Seafood feast at home

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Me coming home to visit is usually a good enough reason in my family to break out the bubbly and have a seafood feast! It’s important to celebrate the times we’re all together and make them special so we take every opportunity we get.

It may not be seafood every time we have a feast, but it’s quite often the case. We had this fabulous meal in December when I last visited and it was just wonderful, and the type of food we enjoy cooking, and eating, together.

We started with oysters, that were quite difficult to shuck without an oyster knife (we’d left it in the summer house), so we all did a few each. Good team effort, they’re quite strong the little molluscs. We had the oysters in the most simple, and our preferred, way with just lemon juice and Tabasco. What a treat!

 

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Our second course (although that sounds too fancy for peeling prawns) was smoked Atlantic prawns with home-made mayonnaise (a team effort by dad and me), which I just love. The taste is much more complex than fresh prawns and although it may sound strange to smoke prawns, it really works.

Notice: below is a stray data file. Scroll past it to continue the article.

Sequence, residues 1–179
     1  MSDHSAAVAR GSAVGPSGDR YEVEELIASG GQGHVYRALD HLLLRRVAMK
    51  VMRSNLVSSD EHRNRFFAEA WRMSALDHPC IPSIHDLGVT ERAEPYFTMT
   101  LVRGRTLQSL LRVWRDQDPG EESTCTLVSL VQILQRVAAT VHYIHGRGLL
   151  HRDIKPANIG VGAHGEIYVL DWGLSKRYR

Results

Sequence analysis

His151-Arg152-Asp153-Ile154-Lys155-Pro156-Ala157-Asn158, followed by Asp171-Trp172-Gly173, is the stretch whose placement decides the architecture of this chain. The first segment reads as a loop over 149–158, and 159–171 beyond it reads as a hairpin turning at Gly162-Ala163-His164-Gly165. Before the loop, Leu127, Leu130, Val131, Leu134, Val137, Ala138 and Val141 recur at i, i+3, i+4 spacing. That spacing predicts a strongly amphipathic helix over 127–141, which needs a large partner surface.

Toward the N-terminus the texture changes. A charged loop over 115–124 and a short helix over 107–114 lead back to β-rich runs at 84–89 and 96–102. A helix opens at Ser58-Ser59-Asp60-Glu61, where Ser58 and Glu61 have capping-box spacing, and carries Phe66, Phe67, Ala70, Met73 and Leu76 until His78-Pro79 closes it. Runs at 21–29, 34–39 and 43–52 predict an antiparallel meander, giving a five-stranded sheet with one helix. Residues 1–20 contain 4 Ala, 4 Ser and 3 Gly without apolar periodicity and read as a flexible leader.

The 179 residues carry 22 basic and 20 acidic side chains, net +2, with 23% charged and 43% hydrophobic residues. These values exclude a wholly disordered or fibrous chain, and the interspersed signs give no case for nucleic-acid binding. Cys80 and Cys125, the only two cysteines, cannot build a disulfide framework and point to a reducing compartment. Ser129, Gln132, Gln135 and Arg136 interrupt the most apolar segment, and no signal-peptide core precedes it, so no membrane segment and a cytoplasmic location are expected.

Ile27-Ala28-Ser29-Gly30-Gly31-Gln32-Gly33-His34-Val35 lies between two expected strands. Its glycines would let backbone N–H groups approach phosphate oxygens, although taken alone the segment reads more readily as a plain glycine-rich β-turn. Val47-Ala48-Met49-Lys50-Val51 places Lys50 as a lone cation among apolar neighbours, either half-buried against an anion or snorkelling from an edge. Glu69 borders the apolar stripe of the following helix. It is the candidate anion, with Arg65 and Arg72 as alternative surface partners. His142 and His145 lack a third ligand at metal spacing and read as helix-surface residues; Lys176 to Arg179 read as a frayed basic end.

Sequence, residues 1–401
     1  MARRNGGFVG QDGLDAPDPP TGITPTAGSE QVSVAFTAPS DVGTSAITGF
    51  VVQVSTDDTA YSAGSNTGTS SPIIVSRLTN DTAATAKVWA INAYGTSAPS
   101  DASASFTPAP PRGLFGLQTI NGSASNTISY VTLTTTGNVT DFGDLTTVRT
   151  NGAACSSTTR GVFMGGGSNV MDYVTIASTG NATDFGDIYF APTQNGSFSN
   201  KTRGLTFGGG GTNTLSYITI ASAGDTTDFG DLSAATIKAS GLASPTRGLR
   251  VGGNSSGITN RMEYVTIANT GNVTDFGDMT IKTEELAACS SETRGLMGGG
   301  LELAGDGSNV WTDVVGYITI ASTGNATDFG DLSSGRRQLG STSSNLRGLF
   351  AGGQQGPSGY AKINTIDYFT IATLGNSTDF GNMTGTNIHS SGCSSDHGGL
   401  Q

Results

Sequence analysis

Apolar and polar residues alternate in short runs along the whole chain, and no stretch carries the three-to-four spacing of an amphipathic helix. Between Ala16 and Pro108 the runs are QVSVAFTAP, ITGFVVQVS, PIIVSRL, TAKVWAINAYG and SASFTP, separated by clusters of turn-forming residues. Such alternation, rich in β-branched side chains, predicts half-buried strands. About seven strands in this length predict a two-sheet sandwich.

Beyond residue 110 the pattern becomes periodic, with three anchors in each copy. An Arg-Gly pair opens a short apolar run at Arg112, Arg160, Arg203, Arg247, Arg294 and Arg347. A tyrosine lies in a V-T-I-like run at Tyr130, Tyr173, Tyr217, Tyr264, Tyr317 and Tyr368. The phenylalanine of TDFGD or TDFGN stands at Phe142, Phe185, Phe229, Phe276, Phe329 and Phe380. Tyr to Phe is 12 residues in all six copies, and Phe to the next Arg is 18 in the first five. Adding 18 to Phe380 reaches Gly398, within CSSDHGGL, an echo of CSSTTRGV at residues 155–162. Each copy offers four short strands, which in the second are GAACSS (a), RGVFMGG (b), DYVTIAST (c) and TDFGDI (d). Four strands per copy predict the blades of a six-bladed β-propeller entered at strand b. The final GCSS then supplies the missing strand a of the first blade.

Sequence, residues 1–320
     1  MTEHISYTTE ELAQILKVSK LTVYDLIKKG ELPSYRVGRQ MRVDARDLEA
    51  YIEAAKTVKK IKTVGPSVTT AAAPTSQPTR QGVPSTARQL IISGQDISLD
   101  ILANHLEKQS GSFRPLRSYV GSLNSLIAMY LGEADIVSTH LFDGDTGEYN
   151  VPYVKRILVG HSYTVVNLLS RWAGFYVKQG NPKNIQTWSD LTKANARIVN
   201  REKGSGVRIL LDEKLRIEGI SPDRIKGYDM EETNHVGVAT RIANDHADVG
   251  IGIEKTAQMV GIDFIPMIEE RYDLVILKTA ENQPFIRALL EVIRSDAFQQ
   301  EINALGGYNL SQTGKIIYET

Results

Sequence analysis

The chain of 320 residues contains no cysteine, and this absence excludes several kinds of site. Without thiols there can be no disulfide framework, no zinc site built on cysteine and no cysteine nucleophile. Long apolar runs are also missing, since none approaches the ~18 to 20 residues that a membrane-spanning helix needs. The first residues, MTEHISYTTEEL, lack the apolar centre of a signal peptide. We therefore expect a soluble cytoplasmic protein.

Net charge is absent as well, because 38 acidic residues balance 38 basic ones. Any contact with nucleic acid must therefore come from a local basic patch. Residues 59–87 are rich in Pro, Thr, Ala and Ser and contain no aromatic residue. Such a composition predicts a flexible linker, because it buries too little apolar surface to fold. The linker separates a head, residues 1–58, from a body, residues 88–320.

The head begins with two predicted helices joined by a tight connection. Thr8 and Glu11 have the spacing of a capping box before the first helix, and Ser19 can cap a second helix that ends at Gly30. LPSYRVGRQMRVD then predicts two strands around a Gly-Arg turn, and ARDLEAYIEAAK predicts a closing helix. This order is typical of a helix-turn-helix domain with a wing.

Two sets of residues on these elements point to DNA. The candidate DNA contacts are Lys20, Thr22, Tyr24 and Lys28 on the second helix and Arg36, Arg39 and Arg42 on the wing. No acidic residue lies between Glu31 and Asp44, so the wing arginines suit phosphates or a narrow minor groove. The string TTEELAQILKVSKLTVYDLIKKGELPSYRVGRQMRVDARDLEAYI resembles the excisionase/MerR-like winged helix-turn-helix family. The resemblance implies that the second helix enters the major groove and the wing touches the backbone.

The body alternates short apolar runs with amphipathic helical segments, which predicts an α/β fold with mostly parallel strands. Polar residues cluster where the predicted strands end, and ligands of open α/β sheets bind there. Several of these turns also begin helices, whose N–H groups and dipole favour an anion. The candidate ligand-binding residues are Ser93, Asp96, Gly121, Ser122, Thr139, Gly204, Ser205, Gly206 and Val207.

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We had a really nice bottle of bubbly, to drink, a Marquis de Haux Cremant de Bordeaux. It’s not readily available in Sweden, but shouldn’t be hard to find in the UK or the rest of Europe.

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For the main event, we had lobster. Something we usually only have as a starter, but I love it as a main course too. Again it was a team effort getting the food ready. I made the skin-on oven fries (that turned out great by the way), and was also in charge of picking the lobsters apart while mum made the lovely sauce. Good effort, team!